How teens and adults can respond to peer pressure – Characters: Daniel, Part 3

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How do you handle societal pressure? Whether you are a teenager facing peer pressure at school, perhaps to try drugs and alcohol, or whether you are an adult tempted to misreport your taxes, there are multitudes of pressures in life, pressures to turn away from living in a way that is honorable to Jesus. Will we assimilate or we will choose the way of Jesus? As we continue our five-part series on Daniel and his friends, we’ve already learned how they refused to assimilate into Babylonian culture, when in a training program to serve in the palace, they were asked to eat foods that were dishonorable to God. The result was that God prospered them. But instead of living happily ever after, turn to Daniel 3 where we’ll find that Daniel’s friends are faced with a terrible challenge. 

In this chapter, we learn that the king, Nebuchadnezzar, commissions the creation of a giant statue, probably an idol of a Babylonian deity, and he required all people to bow to it, or they would be punished by being burned to death in a furnace. 

Daniel’s friends do not bow.  It is important to remember that these guys are not no names anymore.  As we saw in chapter 1, they entered the king’s service, and they were superior to all others.  They are known.  Look at verses 8-11 of chapter 3.  Some others come forward to Nebuchadnezzar and tell on the Jews.  Not only were they foreigners, but also, just as in our world today, when you are a foreigner, you stick out.  Verse 12 reminds us that the king had set the three Jews over the affairs of the province of Babylon.  They are top leaders now.  They wouldn’t be able to just hide in the crowd. Other Babylonians could easily have been jealous of these men.  Foreigners taking the best Babylonian jobs?  Often that doesn’t go over well. 

So the three Jews are called out and confronted, and Nebuchadnezzar is really upset with them.  These some of his top men.  Maybe he is wondering if he was stupid for taking a chance on foreigners.  Maybe he is embarrassed.  Maybe he is feeling betrayed because he trusted these guys, and now they are turning their backs on him.  Look at the last line of verse 15.  He says, “What god will be able to rescue you from my hand?”  Nebuchadnezzar is super arrogant.  He is the top leader of the most powerful nation in the world.  He invaded the homeland of these guys, and he defeated them.  Who are they to defy him?  Clearly he is more powerful than their God.  I wonder if this discussion had come up before.  Maybe he had issues with these Jews refusing to assimilate to the Babylonian religion, but Nebuchadnezzar can’t deny that these guys are superior.  So he is glad for them to be a part of his kingdom.  They are serving him well.  But when it comes to their faith in their God, they just won’t crack, and perhaps that has really been bugging him.  Now, though, he has them where he wants them.  Obey or die.  Surely, they will assimilate now.  Smart guys like this will weigh the options, and know that it is obviously better to just bow to the idol and live.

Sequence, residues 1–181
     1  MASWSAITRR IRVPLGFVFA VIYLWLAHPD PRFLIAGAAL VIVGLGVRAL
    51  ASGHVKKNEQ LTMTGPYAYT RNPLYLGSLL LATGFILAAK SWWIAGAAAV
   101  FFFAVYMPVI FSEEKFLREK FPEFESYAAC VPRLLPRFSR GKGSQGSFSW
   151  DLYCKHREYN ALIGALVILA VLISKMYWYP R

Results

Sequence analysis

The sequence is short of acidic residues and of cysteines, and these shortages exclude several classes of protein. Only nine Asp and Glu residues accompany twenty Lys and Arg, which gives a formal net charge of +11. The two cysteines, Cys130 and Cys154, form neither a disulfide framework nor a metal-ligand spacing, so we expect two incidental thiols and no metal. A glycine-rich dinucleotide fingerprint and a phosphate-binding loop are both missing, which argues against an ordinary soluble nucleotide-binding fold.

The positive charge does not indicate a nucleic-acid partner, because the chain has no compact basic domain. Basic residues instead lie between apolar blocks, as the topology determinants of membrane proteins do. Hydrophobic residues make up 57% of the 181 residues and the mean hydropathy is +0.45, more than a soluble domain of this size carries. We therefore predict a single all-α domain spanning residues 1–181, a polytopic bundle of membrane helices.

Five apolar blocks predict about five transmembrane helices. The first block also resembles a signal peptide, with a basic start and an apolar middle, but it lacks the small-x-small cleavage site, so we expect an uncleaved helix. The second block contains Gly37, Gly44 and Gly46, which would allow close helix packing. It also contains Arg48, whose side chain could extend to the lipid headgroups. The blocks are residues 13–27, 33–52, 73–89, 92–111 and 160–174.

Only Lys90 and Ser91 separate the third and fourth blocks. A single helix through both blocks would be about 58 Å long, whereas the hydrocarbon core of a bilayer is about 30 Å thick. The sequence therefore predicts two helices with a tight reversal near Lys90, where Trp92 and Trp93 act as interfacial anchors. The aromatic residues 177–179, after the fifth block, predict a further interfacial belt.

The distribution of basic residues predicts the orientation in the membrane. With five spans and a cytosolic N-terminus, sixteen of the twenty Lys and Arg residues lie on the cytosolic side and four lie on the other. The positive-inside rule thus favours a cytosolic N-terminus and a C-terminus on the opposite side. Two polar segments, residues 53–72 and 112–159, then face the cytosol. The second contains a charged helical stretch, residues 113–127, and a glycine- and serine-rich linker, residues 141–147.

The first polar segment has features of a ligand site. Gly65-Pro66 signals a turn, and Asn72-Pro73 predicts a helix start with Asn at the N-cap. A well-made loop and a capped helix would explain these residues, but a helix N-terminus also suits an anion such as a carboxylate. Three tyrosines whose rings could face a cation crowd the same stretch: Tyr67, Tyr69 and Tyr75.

That leads to verses 16-18 which are amazing.  I encourage you to read them for yourself. The three men say that they will refuse to bow, because they believe God will save them from the fiery furnace. But get this: they tell the king that even if God doesn’t save them, they will not bow.  Wow.  I wonder if the place where they were talking went silent at that moment.  Could you hear a pin drop?  I bet it was icy cold.  I’m thinking Nebuchadnezzar didn’t see this coming.  You simply did not defy the king like that.  Right to his face, Shadrach, Meshach and Abednego are saying, “We will not be assimilated.” 

What an amazing statement of allegiance to God and trust in God! 

Have you heard the story of the people at Bethel Church in CA that were praying for a resurrection? Two weeks ago, one of their worship leaders had a two-year old daughter who suddenly and tragically died.  So they began a 24-7 praise and worship service asking God to resurrect her.  Her body lay in the morgue for days.  I have to admit that I heard the story and was unsettled.  There is much we could say about it, but I bring it up because I believe it is so similar to Daniel’s friends.  The people at Bethel were trusting in God and his power. They never once said that God had to raise the girl, or they would lose their faith.  Just like Daniel’s friends, they were doing what they believed was right, and if God would choose not to raise the girl, they would remain faithful to him regardless. 

Back to Daniel 3.  As you can imagine, Nebuchadnezzar is even more upset now by the Jews’ defiance.  He throws them in the furnace, and sure enough, God saves them.  This results in a total change in Nebuchadnezzar who praises God and promotes Daniel’s friends.

What situations are you faced with assimilation? I encourage you to ask yourself how you might already be assimilated, and yet thus far you haven’t viewed it that way. Consider how you spend your money, your time, your energy? Is it in line the way of Jesus? Try to avoid the line of thinking that says, “Well, so many other Christians live like that, so it can’t be wrong.” Yes, it can be wrong. Just because lots of Christians do something doesn’t mean that it is honorable to Jesus. How will you be different?

We have one more story of assimilation, and we’ll look at that in the next post.

Published by joelkime

I love my wife, Michelle, and our four kids and two daughters-in-law. I serve at Faith Church and love our church family. I teach a course online from time to time, and in my free time I love to read and exercise, especially running,

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